Or was he creating alternate histories?
Alternate histories that led to whole new universes.
Multiverses within the meta-universe.
The multiverse (a term coined by American philosopher and psychologist William James in 1895—I wonder what he was smoking?) is a hypothesis that states that there are infinite numbers of universes existing parallel to our own, but at different “levels” within the meta-universe. The meta-universe is the hypothetical set of infinite—or maybe finite—possible universes (including our own) that together comprises everything that exists, i.e., you, me, the iMac computer I’m typing this on, the New York City skyline outside my window, President Obama, Vladimir Putin, Syria, the sun, the moon, the planets, the stars, space, time, matter, and energy, and the physical laws and mathematical constants that define them. (In other words, 1 + 1 = 2 no matter where you are in the meta-universe.)
Confused? See if this helps. Think of the meta-universe as a sort of giant department store. The store is stocked with merchandise, but each floor is a separate department, and a little different; they are contained within the same number of square feet, but the first floor sells cosmetics and leather goods and men’s wear, the second is dedicated to children, the third to women, and so on. But each floor, while having its own standards and imperatives, must obey the rules set by the larger store within which it exists.
So, if Sam Beckett was creating alternate histories as he “quantum leaped” through time, did he eradicate himself from any or all histories? In the last episode, Sam rights what he believes is his greatest wrong—not telling Beth (Al’s first wife and true love, whom he met in a previous jump) that Al isn’t dead, that he is a POW in Vietnam:
Sam: I’m going to tell you a story. A story with a happy ending, but only if you believe me.
Beth: And if I don’t?
Sam: You will. I swear you will. Instead of ‘Once upon a time,’ let’s start with the happy ending. Al’s alive and coming home.
The screen goes black. A caption tells us that Al and Beth will be celebrating their 49th anniversary this year.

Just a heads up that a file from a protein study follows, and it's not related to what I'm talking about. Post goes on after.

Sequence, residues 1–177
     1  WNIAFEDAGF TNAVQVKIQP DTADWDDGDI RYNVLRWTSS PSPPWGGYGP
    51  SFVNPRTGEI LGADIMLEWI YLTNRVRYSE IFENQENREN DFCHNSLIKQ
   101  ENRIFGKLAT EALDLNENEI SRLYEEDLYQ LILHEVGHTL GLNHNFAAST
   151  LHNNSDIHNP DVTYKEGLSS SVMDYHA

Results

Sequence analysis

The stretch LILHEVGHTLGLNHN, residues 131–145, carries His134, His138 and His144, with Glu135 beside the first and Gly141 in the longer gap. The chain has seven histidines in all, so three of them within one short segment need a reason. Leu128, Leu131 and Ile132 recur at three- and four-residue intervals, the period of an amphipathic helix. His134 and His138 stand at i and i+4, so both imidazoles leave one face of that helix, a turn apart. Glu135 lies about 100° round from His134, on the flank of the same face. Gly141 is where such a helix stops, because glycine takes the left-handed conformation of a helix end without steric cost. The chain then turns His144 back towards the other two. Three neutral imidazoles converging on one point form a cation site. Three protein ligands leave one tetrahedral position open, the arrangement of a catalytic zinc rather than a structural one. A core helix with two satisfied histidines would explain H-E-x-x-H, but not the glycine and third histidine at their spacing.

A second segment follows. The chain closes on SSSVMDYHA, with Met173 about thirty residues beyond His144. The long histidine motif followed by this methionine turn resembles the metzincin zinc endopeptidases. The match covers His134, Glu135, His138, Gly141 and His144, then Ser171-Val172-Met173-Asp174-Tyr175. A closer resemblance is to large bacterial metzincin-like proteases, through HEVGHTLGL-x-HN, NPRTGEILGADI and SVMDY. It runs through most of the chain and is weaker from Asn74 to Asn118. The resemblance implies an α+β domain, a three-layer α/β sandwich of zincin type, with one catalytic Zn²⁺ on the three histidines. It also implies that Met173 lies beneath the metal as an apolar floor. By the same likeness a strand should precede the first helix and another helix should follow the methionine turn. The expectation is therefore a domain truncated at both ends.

And another caption tells us, “Dr. Sam Beckett never returned home.”
But what does that mean?
The Grandfather Paradox: Some fans believe that by changing the course of Beth and Al’s life, Sam wiped himself out of existence because Al Calavicci and Sam never met, therefore Al never became a key element in the development of the Quantum Leap project and so it never got off the ground. But if Sam never existed, then how could he leap to Beth and tell her to wait, for Al was coming home?
The Novikov Self-Consistency Principle: Other fans say that, so what if Al is happily married to Beth? Sam still developed his quantum leap theory, and Al still became his liaison with the government and Sam is still out there, fighting “to put right what once went wrong.” History rights itself. History is consistent.
The Multiverse Theory: Quantum mechanics—Sam is a quantum physicist—describes existence as probabilities, not definite outcomes. And the mathematics of quantum theory suggests that all the possible outcomes of a situation do actually occur. Robert Frost described it this way in The Road Not Taken:
Two roads diverged in a wood, and I—
I took the one less traveled by,
And that has made all the difference.
By taking the “one less traveled by,” the narrator has led a life with a certain outcome. However, in quantum mechanics, the narrator also took the other road, the one “more” traveled by, and so a “bubble” or “daughter” universe was created, one in which the events and outcome of the narrators life were just as true, but just as different.
“And in each universe, there’s a copy of you witnessing one or the other outcome, thinking — incorrectly — that your reality is the only reality.”
So in this universe I have a daughter named Alix who is married to Jeff and they’re about to have a baby any minute, and I work as a nurse in the operating room and write for ComicMix.
In another universe I stayed married to Alix’s father, only in that universe Alixandra is Alexander and I never became a comics writer so I’m not writing this column for ComixMix because I never met Mike Gold who talked me into this thing in the first place.
In another universe, everything happened just like it has happened, only I never got better from my clinical depression and when I’m not in the hospital I’m on Welfare and Medicaid and my daughter doesn’t talk to me.
And in another universe, my father doesn’t have Complex Partial Seizure syndrome and he is going strong at 90 and my mother doesn’t need a walker and doesn’t have emotional, crazy outbursts and she’s as healthy as a horse and my Aunt Augie never had cancer and died and she and my mother talk every day on the phone….
In another universe I don’t have black hair (yeah, I dye it) but let myself go gray and I never married at all but Alixandra is still my daughter and Jeff is still her husband and they live on the East Coast and I’m a film editor who lives in Laurel Canyon with a couple of Oscars and SAG Awards under my belt.